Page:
Mark 6:14-29 and Psalm 42
Our Gospel passage today is one of those in the Bible that should have an R-rating for violence and bloody images. Perhaps we have heard the story too many times so that we have got used to it, but it is one of terrible and gruesome violence. The image of John the Baptist being beheaded and his head being presented to Herodias on a platter is what we would call today an example of gratuitous violence.
It reveals the depravity of what human beings are capable of.
Having someone killed is the stuff of mafia bosses, but having a person’s head presented on a platter is barbaric and grotesque.
The passage raises important questions though. It raises questions about Divine protection and suggests faith is not a guarantee of Divine protection.
It is a difficult thing to hear. We all want God to keep us safe, but the truth is that faith is not a guarantee that bad things wont happen to us. Faith can be an enormous gift in the midst of struggle, but it is not an insurance policy that life will go smoothly. John the Baptist’s faith does not save him from the treachery of Herodias. In fact in this passage, it is John’s faith that gets him into trouble.
On the trip home from South Africa I was reading a book by a Dutch Jewish woman, Etty Hillesum, a woman of deep faith and openness to God, who came to a very similar conclusion living in Nazi occupied Holland.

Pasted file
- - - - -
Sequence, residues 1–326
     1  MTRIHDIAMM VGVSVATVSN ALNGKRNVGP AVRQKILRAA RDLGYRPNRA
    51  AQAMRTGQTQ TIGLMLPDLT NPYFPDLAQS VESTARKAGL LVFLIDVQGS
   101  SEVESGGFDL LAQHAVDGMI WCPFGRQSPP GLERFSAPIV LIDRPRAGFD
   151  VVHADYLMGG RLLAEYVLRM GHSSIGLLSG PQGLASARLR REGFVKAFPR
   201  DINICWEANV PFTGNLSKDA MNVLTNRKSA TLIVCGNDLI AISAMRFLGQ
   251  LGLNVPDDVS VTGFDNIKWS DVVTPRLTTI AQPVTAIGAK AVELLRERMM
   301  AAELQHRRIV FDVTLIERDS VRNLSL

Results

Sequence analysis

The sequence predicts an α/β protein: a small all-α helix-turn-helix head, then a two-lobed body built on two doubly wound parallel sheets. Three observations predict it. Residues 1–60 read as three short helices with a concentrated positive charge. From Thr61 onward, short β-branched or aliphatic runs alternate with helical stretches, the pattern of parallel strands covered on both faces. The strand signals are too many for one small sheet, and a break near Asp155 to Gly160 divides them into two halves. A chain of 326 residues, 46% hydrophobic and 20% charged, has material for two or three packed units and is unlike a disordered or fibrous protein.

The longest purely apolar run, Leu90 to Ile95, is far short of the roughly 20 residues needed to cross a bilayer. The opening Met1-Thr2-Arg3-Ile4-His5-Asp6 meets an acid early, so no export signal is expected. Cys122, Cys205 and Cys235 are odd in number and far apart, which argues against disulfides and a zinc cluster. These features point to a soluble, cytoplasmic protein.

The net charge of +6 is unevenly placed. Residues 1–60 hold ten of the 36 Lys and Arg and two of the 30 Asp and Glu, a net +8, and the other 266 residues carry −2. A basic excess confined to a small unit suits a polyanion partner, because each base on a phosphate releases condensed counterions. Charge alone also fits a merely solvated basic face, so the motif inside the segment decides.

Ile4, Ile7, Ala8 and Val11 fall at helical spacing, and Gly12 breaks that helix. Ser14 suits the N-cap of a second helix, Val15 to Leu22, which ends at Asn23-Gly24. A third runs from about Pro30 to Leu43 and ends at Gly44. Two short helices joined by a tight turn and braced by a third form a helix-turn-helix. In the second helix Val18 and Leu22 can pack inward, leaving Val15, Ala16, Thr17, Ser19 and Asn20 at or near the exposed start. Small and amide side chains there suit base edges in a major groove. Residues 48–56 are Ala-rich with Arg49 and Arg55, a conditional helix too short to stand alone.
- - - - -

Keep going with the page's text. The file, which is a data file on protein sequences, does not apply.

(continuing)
Etty Hillesum grew up in what she describes as a very chaotic home with no religious upbringing of any significance. Her parents were not bad people, but they had their own emotional issues and their marriage was never a happy and harmonious one. Her two brothers grew up with quite serious emotional and psychological struggles.
In her diaries she speaks of her own emotional life that sometimes threatened to overwhelm her with darkness.
In her 20’s Etty began a therapeatic relationship with Julius Spier a leading psychologist..
Through his work and influence she was able to process a lot of the emotional baggage that she carried with her from her upbringing. Through his influence, she also began a profound spiritual journey that more and more became the focus of her life. Upon his suggestion, she began a regular practice of sitting in silence everyday… a practice of listening deeply to the silence. A practice she called ‘hearkening’.
In this practice of silent listening or hearkening, she became aware of a Presence and a peace within herself that was capable of holding and containing the inner chaos that she had often felt might overwhelm her.
Over-time, as someone who had not been in anyway religious, Etty began to refer to this Presence and Peace, by the name God.
Through the further influence of Spiers, Etty also began to read the New Testament and the Psalms, having a special love for the Gospel of Matthew and the person of Jesus.
Over time, as Etty grew in this newfound experience and faith in God, for reason’s she did not know, and to her own embarrassment, Etty began a practice of kneeling on the rough straw mat in her bathroom where no-one else could see her.